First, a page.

A trusted scientific enterprise to advance observation, modeling, understanding, and prediction of the Great Lakes and coasts to sustain resilient ecosystems, communities, and economies.

Conduct scientific research on the Great Lakes and coastal ecosystems; develop and transition products and services; and share knowledge and information to advance science, service and stewardship.


Director | Deborah Lee
GLERL's director serves as the laboratory's visionary leader, providing guidance through conceptual development, implementation, and management of integrated, interdisciplinary scientific research and communications programs. The director is also responsible for evaluation of research quality, priority-based acquisition and administration of resources, as well as exploration of new and promising lines of research.
Deputy Director | Dr. Jesse Feyen
The deputy director oversees all non-scientific aspects of laboratory operations including those related to budget, administration, facilities, safety and security, environmental compliance, and information technology. In addition, the deputy director serves as a non-technical advisor on scientific issues, providing input and ensuring integration between science and operations support.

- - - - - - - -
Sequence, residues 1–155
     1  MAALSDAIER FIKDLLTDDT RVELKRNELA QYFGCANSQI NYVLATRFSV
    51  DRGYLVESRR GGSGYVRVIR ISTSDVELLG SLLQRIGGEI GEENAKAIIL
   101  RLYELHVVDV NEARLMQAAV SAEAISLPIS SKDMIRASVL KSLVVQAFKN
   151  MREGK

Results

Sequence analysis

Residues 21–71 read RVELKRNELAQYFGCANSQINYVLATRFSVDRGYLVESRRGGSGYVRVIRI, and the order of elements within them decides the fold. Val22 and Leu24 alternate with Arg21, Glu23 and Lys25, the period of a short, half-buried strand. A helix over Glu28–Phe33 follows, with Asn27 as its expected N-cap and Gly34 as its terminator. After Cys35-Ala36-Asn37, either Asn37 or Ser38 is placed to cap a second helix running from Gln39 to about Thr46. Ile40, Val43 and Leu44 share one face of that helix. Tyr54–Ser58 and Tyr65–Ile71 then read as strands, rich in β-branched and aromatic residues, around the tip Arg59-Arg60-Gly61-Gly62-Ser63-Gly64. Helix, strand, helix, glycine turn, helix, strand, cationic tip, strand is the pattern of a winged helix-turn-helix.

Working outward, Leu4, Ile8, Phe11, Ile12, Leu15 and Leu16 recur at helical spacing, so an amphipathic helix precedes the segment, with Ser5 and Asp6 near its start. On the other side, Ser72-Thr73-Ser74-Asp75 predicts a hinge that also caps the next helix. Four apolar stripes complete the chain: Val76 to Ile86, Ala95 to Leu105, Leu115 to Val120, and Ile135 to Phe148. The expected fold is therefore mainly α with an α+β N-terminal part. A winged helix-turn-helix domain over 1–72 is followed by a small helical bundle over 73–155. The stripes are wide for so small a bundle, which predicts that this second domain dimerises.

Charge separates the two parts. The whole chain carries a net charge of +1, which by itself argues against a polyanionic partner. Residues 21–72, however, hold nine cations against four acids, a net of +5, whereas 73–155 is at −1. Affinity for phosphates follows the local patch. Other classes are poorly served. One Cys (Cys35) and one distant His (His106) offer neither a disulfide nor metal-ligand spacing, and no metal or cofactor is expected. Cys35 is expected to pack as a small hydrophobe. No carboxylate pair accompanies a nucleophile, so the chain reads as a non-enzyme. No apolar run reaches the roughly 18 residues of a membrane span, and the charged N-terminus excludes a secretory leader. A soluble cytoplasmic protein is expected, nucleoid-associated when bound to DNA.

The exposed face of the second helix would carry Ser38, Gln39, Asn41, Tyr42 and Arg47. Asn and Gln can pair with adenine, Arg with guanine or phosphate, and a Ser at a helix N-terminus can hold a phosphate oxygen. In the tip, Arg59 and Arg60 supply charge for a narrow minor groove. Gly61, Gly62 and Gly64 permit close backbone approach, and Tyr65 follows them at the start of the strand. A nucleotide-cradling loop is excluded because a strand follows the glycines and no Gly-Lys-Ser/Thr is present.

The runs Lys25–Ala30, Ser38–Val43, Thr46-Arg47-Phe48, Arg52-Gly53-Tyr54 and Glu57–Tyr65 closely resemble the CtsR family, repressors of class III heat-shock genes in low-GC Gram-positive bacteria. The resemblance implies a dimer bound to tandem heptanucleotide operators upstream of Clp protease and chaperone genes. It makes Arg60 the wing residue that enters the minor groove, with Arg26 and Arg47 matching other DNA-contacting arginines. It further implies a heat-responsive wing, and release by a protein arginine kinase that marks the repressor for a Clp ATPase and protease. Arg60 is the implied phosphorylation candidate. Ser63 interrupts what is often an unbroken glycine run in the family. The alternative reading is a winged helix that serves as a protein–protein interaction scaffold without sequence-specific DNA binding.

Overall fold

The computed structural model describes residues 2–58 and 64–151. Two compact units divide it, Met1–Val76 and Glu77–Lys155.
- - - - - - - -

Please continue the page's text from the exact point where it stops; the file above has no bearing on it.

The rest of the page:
GLERL Org Chart

Our Place within NOAA

Ann Arbor Lab

Shared office space serves as a base for staff from NOAA's Great Lakes Cooperative Institute as well as partner agencies including NOAA National Ocean Service (NOS) Marine Sanctuary Program, NOAA National Marine Fisheries Service (NMFS) Habitat Restoration Program, NOAA Great Lakes Regional Collaboration Team, Great Lakes Sea Grant, and the International Association for Great Lakes Research. The facility also serves as a physical hub for regional collaboration within its conference spaces.

Ann Arbor Visitor Information

Lake Michigan Field Station

The LMFS is strategically positioned on Lake Michigan to provide support to the local and regional community by further developing NOAA's role in freshwater ecology, ecosystems management, coastal management, and water-based commerce. This field station promotes long-term observations, field work, and process studies essential for understanding and developing future ecological services. Additionally, the proximity of the field station to Lake Michigan provides a unique opportunity for engagement with tourists, recreational users, and members of the community.

Lake Michigan Field Station Mainpage   

Additional Information

Contact | Collaborating with GLERL | Our Partnerships | Strategic Plan | 2016 Science Review